By Melanie Yergeau; originally posted on the blog Aspie Rhetor.
The map is new, and I know it all. I hop from one painted state to the next, reciting each capital, each state bird, each state nickname, each state flower, each state population as of 1989, the year imprinted on the spines of my World Book Encyclopedia set. It is 1994 or 1995, and I’m obsessed with maps. I have a Mercator Projection of the U.S. tacked to my bedroom ceiling and a Robinson of the world taped to the wall. Each morning I awake to the series of lines and dots and borders, pull a fuschia sweatshirt over my head before skulking into the predawn world, the world where I deliver six routes worth of the Concord Monitor with my father. I want to know where Franklin St. ends, where Penacook St. begins, where the tangible tar resides on the not-to-scale ceiling map, the round-edged wall map, the neon playground map.
On the first day of fifth grade, the teacher read off my middle name during roll call, and now they all know it. As I wrench myself across South Dakota and Nebraska, I hear taunts of Melanie-Rita-Book and Melanie-Rita-rd and Rita-rd-Died-A-Yer-a-geau.
And I awake the next morning, place Mrs. Toomey’s paper on the mailhooks, run from the chained pitbull at the Pembroke duplex, imagine a story in my head about an island made entirely of sugar, wonder if the series of rivers I’ve mentally sketched will eventually absorb the grass and cause massive island sinkage. And at recess, Jessie pushes me onto Georgia and calls me stupid, and Cindy, my only friend, has stolen a doll from my knapsack, but I pretend I haven’t seen her stuff it up her blouse. Jessie #2 makes fish faces and chants Rita-rd, Rita-rd, so I venture back with the only retort my Rita-Book brain can muster and call her a neutrino, which she unfortunately hears as nutra-nose. I run from the map and the impending fists, terrified, and self-induce an asthma attack.
The Robinson fascinates me. The edges curve, the lined coordinates uneven and gapped. I imagine my paper routes, imagine Jennings Drive and Wyman St., now a collection of lines. Down the hall, my parents play cards with the neighbor, my father recounting the story of how I flawlessly navigated a trip from Florida to New Hampshire at age seven. Earlier that week, he tried to make me grab a flyer from Market Basket and I tantrummed, wanting to know every precise detail from door entry to turns to grab-from-the-shelf protocol. So unfamiliar and unpredictable seemed the grocery store landscape, so intense for me, age 10, and even now in my twenties, to conquer on my own. And he had uttered that familiar, frustrated reply, “How can you be so smart and so stupid?”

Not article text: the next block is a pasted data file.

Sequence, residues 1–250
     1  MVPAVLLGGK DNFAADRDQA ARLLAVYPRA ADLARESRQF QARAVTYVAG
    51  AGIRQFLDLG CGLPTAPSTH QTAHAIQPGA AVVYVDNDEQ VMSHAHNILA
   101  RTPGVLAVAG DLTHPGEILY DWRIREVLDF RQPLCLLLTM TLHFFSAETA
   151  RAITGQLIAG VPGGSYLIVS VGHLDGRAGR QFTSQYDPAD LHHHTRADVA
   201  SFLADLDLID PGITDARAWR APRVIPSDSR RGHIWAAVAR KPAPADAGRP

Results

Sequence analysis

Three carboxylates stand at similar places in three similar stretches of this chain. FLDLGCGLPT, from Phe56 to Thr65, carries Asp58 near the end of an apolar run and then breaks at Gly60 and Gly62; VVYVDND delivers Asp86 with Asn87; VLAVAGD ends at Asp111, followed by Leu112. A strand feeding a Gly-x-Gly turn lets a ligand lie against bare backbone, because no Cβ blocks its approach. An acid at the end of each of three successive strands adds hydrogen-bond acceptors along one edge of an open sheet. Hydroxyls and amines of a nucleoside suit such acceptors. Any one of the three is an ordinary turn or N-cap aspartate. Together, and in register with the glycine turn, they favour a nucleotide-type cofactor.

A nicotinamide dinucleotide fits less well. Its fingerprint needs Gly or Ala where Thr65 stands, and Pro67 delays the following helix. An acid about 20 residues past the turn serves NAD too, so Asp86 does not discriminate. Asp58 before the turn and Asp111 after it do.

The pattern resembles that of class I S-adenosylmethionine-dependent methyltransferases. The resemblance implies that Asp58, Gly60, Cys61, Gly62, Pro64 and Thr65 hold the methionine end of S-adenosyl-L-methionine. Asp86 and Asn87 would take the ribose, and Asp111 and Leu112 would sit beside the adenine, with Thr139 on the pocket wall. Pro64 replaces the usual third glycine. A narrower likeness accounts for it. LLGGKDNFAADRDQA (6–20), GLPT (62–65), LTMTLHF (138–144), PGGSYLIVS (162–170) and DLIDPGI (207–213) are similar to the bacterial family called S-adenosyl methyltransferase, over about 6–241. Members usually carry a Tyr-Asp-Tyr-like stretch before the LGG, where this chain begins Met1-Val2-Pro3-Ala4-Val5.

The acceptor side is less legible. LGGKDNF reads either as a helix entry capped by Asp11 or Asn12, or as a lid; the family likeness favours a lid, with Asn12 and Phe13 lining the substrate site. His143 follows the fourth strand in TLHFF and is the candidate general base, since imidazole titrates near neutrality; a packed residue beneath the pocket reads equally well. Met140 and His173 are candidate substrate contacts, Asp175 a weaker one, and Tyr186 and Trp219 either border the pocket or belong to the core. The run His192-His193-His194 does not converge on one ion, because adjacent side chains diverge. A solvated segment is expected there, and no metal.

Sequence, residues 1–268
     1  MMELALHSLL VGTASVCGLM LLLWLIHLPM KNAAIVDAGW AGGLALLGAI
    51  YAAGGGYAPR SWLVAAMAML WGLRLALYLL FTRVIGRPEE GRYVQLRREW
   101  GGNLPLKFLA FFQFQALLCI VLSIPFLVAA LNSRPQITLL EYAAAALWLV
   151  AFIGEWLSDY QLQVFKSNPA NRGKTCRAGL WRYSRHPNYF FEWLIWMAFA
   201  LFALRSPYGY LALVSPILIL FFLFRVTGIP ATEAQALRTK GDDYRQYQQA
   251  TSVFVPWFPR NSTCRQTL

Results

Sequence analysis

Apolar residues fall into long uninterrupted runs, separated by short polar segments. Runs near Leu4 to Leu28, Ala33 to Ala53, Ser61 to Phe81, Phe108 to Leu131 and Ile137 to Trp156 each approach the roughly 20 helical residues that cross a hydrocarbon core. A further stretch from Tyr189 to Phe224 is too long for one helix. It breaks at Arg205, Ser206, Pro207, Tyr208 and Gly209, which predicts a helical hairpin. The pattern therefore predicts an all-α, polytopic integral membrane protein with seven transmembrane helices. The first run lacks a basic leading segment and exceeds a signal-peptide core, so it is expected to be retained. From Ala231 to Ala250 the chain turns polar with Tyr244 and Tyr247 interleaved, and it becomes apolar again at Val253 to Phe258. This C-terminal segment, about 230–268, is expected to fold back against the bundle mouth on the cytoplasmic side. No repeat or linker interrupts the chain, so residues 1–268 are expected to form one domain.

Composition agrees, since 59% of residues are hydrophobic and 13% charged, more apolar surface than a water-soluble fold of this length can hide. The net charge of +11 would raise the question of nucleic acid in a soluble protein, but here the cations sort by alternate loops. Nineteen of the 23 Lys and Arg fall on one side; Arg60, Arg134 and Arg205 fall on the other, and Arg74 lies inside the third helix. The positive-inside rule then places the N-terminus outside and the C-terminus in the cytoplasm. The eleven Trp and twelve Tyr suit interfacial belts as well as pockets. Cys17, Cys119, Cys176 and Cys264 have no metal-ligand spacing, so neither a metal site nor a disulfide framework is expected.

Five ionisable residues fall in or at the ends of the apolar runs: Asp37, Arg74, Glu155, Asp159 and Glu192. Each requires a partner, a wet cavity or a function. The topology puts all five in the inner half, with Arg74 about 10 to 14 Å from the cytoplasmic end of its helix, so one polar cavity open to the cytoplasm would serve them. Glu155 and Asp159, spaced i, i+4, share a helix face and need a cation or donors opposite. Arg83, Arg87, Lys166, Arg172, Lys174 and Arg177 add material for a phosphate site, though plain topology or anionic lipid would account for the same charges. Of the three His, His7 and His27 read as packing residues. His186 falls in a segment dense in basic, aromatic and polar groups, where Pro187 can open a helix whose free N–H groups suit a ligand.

I love my fifth grade teacher. I am working on a play about the Great Lakes region, and she lets me stay indoors during recess to work on it. I meet with a guidance counselor weekly, a Virginia-shaped man convinced that I’m at fault for my own bullying, and every time he suggests outside recess, I produce the magical asthma wheeze. Back I go to the teacher’s aide-cum-babysitter, to the longish table stationed outside the library, and I write about Sheila the Robber and her trip from Columbus to Cleveland. I sit at my laptop, some fifteen years later, staring at a Columbus city map, trying to remember the neon and the dots, the second Jessie who died of a brain tumor, the first Jessie who traipsed me into junior high, the dolls lost in the longitude.